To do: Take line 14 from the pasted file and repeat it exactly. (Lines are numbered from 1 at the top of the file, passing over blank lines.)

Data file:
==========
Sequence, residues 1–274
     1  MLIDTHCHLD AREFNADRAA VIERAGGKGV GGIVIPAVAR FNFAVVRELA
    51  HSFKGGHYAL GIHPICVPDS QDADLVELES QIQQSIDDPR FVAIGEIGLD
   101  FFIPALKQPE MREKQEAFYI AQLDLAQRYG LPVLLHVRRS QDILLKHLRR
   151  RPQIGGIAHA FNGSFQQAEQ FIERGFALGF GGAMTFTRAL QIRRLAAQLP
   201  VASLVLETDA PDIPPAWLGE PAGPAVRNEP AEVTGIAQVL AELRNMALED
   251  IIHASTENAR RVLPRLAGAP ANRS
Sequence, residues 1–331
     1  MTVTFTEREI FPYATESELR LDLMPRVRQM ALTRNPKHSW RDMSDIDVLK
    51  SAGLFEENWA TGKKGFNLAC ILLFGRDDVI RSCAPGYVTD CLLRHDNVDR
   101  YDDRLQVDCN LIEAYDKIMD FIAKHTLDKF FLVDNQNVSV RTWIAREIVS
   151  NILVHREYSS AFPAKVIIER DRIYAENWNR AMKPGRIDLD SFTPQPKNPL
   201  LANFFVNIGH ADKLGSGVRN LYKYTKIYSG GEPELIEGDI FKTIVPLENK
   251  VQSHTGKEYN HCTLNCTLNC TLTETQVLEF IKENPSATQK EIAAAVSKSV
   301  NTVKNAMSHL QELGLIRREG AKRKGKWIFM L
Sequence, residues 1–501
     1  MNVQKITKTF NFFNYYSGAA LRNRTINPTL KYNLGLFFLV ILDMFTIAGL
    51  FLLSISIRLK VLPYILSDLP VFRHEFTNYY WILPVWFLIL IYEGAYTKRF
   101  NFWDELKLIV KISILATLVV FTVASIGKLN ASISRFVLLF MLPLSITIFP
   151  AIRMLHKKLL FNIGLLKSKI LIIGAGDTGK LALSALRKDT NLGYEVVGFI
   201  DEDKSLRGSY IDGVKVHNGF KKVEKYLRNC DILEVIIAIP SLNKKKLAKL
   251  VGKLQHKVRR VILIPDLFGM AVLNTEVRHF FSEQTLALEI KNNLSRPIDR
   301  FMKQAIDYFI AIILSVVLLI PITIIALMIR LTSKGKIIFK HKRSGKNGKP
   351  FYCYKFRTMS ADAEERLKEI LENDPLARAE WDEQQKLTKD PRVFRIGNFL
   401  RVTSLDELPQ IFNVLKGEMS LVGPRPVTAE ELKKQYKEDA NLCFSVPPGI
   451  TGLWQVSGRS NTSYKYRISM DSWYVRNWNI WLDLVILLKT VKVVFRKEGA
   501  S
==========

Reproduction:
   251  VQSHTGKEYN HCTLNCTLNC TLTETQVLEF IKENPSATQK EIAAAVSKSV